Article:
On my trek to the lake, I decided to run south along the eastern bank of the primary feeder creek for the whole lake, East Elm Creek. It’s pretty much a straight shot along this side of the ridge of land using the old shore trail. That is, until you hit a large cove (first image). This cove is on the northern edge of the highly developed recreational area. It was pretty rough riding in the first place, given that the equestrians use this trail a great deal and it was pulverized sand in places, but around the cove, it was too long overgrown and washed out in places. I ended up walking the bike over a large ridge at the head of the cove to get back to the road.
After cruising around the park area, where the boat ramp sports a nice new floating dock, I headed farther south along the shore. There was just barely enough room to walk my bike through the foliage on the shore. It was too soft to ride with the recent hard freezes drawing the moisture up into the shore sand. The freeze and thaw cycle left very crumbly wet soil (second image). Eventually I hit another cove and was forced up onto the old shore trail. Here on the spit of land that ends in the double points of 9 and 10, this trail is completely taken over by stalks of thatch grass. It was a real trip trying to navigate between them with virtually no sight of the ground beneath (fourth image). Point 9 itself is a double point, with the first lobe offering a large, flat rock layer currently just out of the water (third image). The point itself wasn’t that special (fifth image).
From there I rode straight back up the ridge line into the woods. The biggest hassle was dead-fall, some of which I dismounted and moved by hand. The trail led me back to the high ridge behind the park area, so that I could ride back out on the main road. Now we shift to pictures from the North Canadian River in the North Hills.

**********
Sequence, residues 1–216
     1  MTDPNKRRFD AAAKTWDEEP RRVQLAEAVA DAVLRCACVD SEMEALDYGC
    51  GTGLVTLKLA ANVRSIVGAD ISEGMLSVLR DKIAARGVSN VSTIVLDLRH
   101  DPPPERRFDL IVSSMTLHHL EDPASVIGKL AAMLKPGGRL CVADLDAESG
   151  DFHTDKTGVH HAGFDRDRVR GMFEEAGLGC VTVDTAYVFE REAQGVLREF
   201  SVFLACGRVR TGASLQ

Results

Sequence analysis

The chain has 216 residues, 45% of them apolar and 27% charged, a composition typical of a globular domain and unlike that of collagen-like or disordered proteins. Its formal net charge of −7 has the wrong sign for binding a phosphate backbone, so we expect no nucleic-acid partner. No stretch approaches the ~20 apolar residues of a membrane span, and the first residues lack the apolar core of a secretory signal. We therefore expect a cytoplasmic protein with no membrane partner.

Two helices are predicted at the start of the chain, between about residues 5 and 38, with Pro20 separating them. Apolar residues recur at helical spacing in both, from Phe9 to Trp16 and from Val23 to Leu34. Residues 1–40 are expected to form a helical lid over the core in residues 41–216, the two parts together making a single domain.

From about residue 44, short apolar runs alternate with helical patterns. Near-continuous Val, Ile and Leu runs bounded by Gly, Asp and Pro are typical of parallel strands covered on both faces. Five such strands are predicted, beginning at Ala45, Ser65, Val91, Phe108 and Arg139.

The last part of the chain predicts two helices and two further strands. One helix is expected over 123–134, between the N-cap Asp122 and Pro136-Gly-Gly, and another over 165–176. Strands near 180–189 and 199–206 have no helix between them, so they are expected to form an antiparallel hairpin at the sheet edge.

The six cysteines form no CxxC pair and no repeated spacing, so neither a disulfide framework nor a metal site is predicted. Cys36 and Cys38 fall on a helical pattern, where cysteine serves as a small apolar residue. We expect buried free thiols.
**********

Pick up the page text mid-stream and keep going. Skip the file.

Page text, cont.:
I headed north on Midwest Boulevard and turned east at Britton Road. About a mile-and-a-half this crosses the river. I shot first upstream (south) and then downstream. You can see how very dry it has been. This is the trickle allowed to flow past a collection of dams starting at Lake Overholser way out west of OKC, then the three dams in the Oklahoma River recreation area just south of downtown. The river is alive, just barely, and we’ve had no significant rain for a few months. Yet, without the dams, the river would literally run dry at times. Anyway, the second shot downriver is really pitiful.
I worked my way north on Post Road from there to Hefner Road, east again to Westminster, then north to the crossing on NE 122nd Street. Here the first shot is downstream (north) where the river has gotten scummy over a large stagnant basin in the river (above left). The upstream shot was hard to capture against the sun, so I aimed my camera through some trees along the river bank. That green water smells pretty nasty, but if you went down there, you could find a host of mud-dwelling crawfish and similar creatures (above right).
I turned back west from there and noticed up on the northern ridge a new addition to the skyline: another rural mansion (above left). It stands just off Post Road north of NE 122nd. It just shows how long it’s been since I was up this way. There were just a few signs of dirt work the last time I passed. From there I headed west, and then left at the corner of Douglas Boulevard, where the “La Dolce Vita Ranch” stands. South took me back to Hefner Road and the sand extraction mine. A right turn took me west toward Midwest Boulevard again. I noticed that the farmer had repaired the windmill destroyed in a storm last year (upper right). From there I headed several miles south back to the North Canadian River crossing where I access the hidden trail system along the south bank of the river.
The final image is looking upstream from there to show, again, the depth of drought with the river trickling around the bend that saw so much reconstruction work a few years ago.